In this in-depth interview, Will talks about how he emerged as an artist, his technique and how he approaches sculpting, where and how he selects his models.

His works can be seen at his web site: http://www.willkurtz.com

About:

Will Kurtz was born in Flint, Michigan and received his Bachelor of Landscape Architecture from Michigan State University in 1981. He practiced as a landscape architect for 25 years, throughout the United States and Canada. It wasn’t until he was in his mid thirties that he began creating art as a self-taught artist. Eventually his passion for art superseded landscape architecture and he moved to New York at the age of 50 to attend graduate school at the New York Academy of Art. After graduation with an MFA he was selected to remain and do a one-year fellowship. He has since had several solo and group shows and has  been reptresented by several galleries including Mike Weiss Gallery, New York, Queene Anne Galerie, Leipzig, Germany, Converge Gallery, PN and Stricoff Gallery, NY. His work is in many prominent collections around the world.

How to be good at parenting

When it comes to parenting, you are your children’s idol, don’t disappoint them. And when you do (which you will), admit it to them. Apologize.

Make time for your kids. Read with them, play with them, color with them.  It doesn’t matter what you do with them – as long as you spend time with them.
Hug them often, and tell them you love them. Look them in the eyes when you do.

Listen to your kids.  Just, …listen!

By the way: your children will instinctively, subconsciously, and uncontrollably seek out a relationship identical to the one that you have with your spouse – remember that!

Facebook: get out of the habit of scrolling endlessly through your news-feed. If you must have an account (yes, I know – there are lots of good reasons to do so), then train yourself to check only your notifications and then get out.  Otherwise you’ll scroll your day away.  To resist the urge of scrolling to see what your friends are up to: pick a handful of good friends, if you like – and choose to “get notifications” for their activity.

If you don’t LOVE your job, then you don’t have the right job. If you do what you love, then you’ll never work a day in your life.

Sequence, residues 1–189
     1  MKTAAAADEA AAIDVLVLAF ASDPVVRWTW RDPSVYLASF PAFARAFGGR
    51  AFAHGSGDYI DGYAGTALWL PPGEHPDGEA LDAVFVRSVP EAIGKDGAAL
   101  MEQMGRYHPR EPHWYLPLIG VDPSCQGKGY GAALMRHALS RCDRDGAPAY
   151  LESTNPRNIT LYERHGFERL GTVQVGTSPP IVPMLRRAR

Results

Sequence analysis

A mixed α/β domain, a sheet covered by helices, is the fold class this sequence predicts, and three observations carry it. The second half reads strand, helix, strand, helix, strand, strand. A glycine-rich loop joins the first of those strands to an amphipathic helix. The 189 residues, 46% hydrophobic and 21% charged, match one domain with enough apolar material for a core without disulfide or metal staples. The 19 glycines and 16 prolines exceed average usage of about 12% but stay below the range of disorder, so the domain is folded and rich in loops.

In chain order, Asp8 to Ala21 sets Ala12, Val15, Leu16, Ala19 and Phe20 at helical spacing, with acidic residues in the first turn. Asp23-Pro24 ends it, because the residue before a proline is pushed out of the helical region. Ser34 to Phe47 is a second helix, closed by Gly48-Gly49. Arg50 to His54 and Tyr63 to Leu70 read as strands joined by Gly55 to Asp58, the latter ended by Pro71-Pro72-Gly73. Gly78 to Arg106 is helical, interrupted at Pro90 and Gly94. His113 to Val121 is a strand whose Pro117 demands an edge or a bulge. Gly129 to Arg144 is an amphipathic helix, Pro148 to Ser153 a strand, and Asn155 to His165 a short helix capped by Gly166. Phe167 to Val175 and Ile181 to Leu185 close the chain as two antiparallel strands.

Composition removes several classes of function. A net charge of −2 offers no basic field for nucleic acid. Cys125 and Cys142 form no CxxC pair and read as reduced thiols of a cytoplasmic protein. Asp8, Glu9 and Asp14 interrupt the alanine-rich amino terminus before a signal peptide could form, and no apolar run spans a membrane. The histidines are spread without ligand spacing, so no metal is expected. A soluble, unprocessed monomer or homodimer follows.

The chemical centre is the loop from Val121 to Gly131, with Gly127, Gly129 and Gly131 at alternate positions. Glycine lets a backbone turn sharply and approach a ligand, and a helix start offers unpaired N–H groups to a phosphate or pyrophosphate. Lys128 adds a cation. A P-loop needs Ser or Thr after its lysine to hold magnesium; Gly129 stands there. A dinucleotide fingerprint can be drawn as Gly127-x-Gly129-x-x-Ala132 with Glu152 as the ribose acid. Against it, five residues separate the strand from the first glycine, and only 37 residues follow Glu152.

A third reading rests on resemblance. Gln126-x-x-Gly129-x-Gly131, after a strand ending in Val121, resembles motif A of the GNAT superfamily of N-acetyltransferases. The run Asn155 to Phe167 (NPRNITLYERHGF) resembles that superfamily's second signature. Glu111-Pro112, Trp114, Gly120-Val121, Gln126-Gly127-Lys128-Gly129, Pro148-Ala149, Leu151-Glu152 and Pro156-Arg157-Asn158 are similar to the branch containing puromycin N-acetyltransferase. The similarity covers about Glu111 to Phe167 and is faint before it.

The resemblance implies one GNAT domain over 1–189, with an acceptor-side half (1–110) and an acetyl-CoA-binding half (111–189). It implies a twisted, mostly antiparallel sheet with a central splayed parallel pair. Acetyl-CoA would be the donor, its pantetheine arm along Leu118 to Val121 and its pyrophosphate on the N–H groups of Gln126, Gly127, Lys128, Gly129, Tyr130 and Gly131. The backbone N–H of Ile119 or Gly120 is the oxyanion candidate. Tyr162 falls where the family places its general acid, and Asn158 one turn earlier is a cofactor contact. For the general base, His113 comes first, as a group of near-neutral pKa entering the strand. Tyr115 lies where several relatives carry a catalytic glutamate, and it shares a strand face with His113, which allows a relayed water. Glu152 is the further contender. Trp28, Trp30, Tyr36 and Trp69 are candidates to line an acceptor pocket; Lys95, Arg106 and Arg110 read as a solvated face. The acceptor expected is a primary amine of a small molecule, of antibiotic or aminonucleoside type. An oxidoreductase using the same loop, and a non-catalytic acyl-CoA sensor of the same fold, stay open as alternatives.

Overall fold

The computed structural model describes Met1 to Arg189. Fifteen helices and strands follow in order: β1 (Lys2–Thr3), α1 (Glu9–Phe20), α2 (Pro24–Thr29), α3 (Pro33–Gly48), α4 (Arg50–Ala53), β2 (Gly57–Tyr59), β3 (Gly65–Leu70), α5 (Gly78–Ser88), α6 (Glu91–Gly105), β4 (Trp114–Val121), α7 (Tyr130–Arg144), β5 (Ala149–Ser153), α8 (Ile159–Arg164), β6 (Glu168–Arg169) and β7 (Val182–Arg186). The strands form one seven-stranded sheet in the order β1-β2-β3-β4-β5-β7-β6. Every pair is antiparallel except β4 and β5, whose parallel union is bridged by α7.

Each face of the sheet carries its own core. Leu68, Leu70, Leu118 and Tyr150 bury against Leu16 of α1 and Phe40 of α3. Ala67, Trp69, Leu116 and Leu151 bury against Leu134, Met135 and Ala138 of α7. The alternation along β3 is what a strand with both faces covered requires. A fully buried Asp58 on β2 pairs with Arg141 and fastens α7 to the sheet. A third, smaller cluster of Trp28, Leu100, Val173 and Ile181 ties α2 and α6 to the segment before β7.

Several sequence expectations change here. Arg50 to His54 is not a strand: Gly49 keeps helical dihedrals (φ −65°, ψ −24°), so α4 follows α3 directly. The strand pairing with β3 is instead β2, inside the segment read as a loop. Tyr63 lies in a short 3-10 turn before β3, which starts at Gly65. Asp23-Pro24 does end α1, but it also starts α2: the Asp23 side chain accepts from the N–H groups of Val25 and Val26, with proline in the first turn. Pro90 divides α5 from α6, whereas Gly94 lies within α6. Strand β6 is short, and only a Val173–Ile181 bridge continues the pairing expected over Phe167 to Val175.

Do not answer calls/texts during dinner time, family time, or “you” time. Your cell phone is for YOUR convenience, not the caller’s.

Always remember – every person you come in contact with (every single day) is in the midst of some kind of personal struggle.

Always remember – what other people think about you is none of your business.

Always make eye-contact when speaking to someone, or when they are speaking to you.

How to save a relationship

Most of the time, in the heat of arguing, it’s in our human nature to try to always win an argument, being completely rational or irrational. Same things happens to most of us on relationship discussions. In my case: My girlfriend is Chinese, I’m Ecuadorian, so the cultural differences do make an impact on our peace. Quite often. So how is it best to save a relationship when the going gets tough?

I came up with the idea of sitting (or standing) leaning my back against my GF’s back whenever a discussion heats up and we need to resolve a dispute over something.

By doing this back-against-back thing, you continue the discussion as if you were still arguing face to face. After a couple of minutes, this ALWAYS helps us to end the discussion and have a really happy outcome. We have learned so much about ourselves and each other by doing this.

What happens is that the arguing becomes significantly more objective. You no longer have another person in front of you that you’re trying to rationalize, apologize, persuade or convince about something, instead, you’re more vulnerable because you’re talking to nobody in front of you. Your voice resonates and you can pretty much listen to your own voice and think, “Well, I do have a point!” or maybe, “Damn, I’m full of shit, this is wrong. I am wrong.”

It used to take a couple of minutes to end the discussion for good. At the end, when you turn around, you get to face the person that you just agreed with. It’s a moment where you go ‘ah.. There she is…’ Or ‘there he is…’ And realize how beautiful a peaceful moment feels.

It’s a little thing that changed our relationship, and in some cases even saved it.

Why do girls dump the nice guy?

Alright, I’m gonna answer your question in two points:

1) Dumping the ‘Nice Guy’: She is right to do so. The reason is that most of these ‘nice guys’ are NOT nice because they want to be nice, or because they are nice. They are nice, first because of FEAR of dissatisfying, bothering or displeasing the woman. Second, because of the NEED to achieve their desired aim: make out, have sex or start a relationship with the woman. So here you have it: a combination of a coward who is NEEDY. This is the ugliest and most pathetic form of character, who would turn off the most desperate of women. Heck, even I would wanna avoid such a guy. He’s got no balls and he’s all about pleasing people. Like a mobile charity organization. Eww.